This dissertation develops a quantum rhetoric: the entanglement of matter and meaning, language and materiality, being and doing. Rather than exploring intersections between rhetoric, philosophy, literature, physics, and the like, I claim that rhetorical being and practice cut across such disciplines in decisive, generative ways. I stress that rhetoric—an affective, communicative way of being, doing, and relating in the world, of acting despite contingency and relativity—underlies much disciplinary (re)volution in the 20th century and beyond. In this way, quantum rhetoric is the marriage of the humanities and sciences, of language and materiality. Quantum rhetoric overturns the classical epistemology of language as controllable, deployed, and reflective of reality. On the contrary, quantum rhetoric is diffractive, approaching language through difference and unpredictability. Here, physics complements rhetoric for three central reasons: first , for its focus on materiality, which materializes rhetoric into bodies and minds in motion, composed of human and non-human beings, compounds and artifacts; second, for its grounding in uncertainty, rooted in rhetoric’s Sophistic origin; and third, for its emphasis on action, doing, and work, mirroring rhetoric’s concerns. Rhetoric, in turn, complements physics in three main ways: first, rhetoric’s focus on affect, effect, and resonance attend to the consequentiality of physics—of entangled bodies in motion—thus humanizing physics and giving meaning to material facts; second, rhetoric foregrounds the effects of our symbolic instruments on our relation to the world; and third, rhetoric fronts the centrality of language, instrumentation, and symbolic subjectivity, distancing us from our assumptions. Together, rhetoric and quantum physics—quantum rhetoric—make central the materiality, uncertainty, and difference in our symbolic endeavors, unearthing a rhizomatic reality: contingent at root. We are all, Einstein writes, “non-rigid bodies of reference,” and our symbolic systems and ethical practices must be just as fluid, perceptive, and receptive to flux. Applying theory, I envision the university—and first-year writing and critical thinking classrooms in particular—quantum rhetorically, shaping assignments that cultivate rhetorical being: a way of life, grounded in quantum rhetoric, which responds responsibly to chance, change, and the unknown, and which ungrounds assumptions in pursuit of a more viable democracy.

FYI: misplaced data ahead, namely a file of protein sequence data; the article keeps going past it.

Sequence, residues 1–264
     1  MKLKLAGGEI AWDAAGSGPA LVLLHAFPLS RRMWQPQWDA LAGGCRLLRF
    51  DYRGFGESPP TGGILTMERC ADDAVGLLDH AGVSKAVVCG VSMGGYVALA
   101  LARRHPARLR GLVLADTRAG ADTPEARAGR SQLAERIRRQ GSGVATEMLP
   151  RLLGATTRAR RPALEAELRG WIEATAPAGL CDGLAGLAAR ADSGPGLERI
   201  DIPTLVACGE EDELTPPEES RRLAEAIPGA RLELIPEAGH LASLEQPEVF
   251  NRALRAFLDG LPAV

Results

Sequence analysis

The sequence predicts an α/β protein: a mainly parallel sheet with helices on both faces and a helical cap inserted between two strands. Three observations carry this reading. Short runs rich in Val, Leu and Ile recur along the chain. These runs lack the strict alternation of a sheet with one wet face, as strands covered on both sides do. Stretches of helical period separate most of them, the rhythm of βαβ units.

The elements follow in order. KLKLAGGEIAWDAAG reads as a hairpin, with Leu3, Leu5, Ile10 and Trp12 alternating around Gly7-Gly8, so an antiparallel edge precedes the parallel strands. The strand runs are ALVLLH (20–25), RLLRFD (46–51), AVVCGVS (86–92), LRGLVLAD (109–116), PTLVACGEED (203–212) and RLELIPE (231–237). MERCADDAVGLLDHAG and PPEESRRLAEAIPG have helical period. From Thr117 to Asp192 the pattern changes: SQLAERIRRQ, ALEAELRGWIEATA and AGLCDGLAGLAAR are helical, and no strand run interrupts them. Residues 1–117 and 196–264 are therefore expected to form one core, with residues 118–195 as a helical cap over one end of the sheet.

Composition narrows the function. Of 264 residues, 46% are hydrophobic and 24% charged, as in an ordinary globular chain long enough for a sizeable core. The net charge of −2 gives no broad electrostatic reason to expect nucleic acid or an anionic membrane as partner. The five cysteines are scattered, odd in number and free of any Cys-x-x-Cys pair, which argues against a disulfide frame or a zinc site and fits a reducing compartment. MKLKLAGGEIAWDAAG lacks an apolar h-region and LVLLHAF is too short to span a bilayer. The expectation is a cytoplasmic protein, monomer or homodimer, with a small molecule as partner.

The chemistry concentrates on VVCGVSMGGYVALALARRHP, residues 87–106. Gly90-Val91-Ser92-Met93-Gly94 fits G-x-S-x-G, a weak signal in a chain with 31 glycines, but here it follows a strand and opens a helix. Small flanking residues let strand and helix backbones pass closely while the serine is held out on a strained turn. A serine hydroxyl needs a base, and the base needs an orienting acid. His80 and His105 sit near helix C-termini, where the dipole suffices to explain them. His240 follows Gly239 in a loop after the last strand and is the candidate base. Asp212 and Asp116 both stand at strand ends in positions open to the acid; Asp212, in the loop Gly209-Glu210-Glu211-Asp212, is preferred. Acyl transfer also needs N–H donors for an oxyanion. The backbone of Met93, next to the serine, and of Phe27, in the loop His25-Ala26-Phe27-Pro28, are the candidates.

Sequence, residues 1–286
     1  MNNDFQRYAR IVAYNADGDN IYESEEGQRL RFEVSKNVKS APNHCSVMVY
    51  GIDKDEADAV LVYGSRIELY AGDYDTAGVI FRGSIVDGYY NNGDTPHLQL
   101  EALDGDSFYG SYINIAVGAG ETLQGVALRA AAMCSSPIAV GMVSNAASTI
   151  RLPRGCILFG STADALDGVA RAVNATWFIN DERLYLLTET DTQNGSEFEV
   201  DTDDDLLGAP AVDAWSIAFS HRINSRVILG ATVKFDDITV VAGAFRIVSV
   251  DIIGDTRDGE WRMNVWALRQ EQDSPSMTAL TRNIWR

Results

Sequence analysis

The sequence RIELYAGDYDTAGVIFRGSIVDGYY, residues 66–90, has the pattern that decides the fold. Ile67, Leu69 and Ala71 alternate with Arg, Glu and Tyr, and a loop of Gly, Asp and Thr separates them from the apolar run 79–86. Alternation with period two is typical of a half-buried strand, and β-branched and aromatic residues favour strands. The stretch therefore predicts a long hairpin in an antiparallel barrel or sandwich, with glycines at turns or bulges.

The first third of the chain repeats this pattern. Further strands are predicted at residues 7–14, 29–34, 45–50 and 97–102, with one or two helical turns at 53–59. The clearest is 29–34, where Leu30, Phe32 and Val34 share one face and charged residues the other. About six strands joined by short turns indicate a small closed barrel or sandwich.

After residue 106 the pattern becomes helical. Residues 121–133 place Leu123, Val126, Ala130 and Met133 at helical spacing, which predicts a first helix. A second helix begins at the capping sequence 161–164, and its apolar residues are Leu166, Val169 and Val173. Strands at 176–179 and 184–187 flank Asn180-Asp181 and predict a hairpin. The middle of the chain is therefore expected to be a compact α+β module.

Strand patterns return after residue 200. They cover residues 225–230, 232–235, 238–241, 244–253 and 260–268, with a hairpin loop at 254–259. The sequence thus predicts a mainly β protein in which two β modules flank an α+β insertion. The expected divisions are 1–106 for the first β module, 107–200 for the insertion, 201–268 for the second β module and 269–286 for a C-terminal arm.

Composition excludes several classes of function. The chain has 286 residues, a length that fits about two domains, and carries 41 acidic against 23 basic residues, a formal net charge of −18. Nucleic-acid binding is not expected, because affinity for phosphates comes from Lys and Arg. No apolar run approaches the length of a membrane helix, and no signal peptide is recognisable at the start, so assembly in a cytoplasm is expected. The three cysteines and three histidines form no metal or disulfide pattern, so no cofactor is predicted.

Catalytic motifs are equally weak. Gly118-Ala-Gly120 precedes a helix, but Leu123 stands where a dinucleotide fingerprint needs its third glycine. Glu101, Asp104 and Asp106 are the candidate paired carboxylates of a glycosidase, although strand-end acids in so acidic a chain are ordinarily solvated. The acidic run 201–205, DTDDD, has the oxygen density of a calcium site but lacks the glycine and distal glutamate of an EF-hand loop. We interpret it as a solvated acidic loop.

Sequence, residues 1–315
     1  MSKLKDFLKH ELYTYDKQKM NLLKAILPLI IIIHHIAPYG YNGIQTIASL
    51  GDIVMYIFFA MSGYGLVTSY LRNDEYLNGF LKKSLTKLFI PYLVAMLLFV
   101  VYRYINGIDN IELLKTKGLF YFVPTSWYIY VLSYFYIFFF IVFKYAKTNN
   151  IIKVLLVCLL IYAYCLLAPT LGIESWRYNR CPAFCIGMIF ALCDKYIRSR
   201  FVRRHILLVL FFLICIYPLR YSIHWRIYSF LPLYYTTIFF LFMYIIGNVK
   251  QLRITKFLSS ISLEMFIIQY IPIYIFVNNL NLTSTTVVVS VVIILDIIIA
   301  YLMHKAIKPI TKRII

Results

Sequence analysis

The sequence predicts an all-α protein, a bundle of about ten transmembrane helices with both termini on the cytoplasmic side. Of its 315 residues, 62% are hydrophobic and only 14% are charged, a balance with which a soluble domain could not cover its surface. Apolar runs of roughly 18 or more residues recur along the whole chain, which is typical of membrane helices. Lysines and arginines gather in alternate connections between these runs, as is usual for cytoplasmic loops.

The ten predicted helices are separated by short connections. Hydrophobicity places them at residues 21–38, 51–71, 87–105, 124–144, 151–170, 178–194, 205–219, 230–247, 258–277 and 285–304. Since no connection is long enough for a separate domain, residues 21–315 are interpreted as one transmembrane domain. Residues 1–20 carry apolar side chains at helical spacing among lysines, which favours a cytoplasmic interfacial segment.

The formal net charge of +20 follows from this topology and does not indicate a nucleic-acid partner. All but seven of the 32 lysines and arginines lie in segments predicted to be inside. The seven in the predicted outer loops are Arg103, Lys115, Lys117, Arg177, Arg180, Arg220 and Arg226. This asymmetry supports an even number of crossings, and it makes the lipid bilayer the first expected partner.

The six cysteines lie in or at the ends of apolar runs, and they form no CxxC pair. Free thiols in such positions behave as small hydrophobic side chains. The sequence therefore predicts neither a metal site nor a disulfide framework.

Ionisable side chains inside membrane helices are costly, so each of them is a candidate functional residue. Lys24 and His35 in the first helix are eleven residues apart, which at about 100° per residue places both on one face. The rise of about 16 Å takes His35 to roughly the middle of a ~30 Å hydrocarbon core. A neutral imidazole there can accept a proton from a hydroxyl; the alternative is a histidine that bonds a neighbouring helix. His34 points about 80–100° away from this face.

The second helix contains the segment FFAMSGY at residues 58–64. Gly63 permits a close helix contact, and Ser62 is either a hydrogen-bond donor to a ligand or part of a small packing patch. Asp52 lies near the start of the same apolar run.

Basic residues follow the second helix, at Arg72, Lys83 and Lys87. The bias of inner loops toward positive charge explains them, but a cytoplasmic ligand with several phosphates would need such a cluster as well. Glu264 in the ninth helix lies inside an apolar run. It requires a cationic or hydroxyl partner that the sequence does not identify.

|Commitee:||Axelrod, Steven G., Moten, Frederick C.|
|School:||University of California, Riverside|
|School Location:||United States -- California|
|Source:||DAI-A 80/03(E), Dissertation Abstracts International|
|Subjects:||Communication, Physics, Rhetoric|
|Keywords:||Autoethnography, First-year composition, Gertrude stein, Quantum rhetoric, Rhetorical being, Sophistry|
Copyright in each Dissertation and Thesis is retained by the author. All Rights Reserved
The supplemental file or files you are about to download were provided to ProQuest by the author as part of a
dissertation or thesis. The supplemental files are provided "AS IS" without warranty. ProQuest is not responsible for the
content, format or impact on the supplemental file(s) on our system. in some cases, the file type may be unknown or
may be a .exe file. We recommend caution as you open such files.
Copyright of the original materials contained in the supplemental file is retained by the author and your access to the
supplemental files is subject to the ProQuest Terms and Conditions of use.
Depending on the size of the file(s) you are downloading, the system may take some time to download them. Please be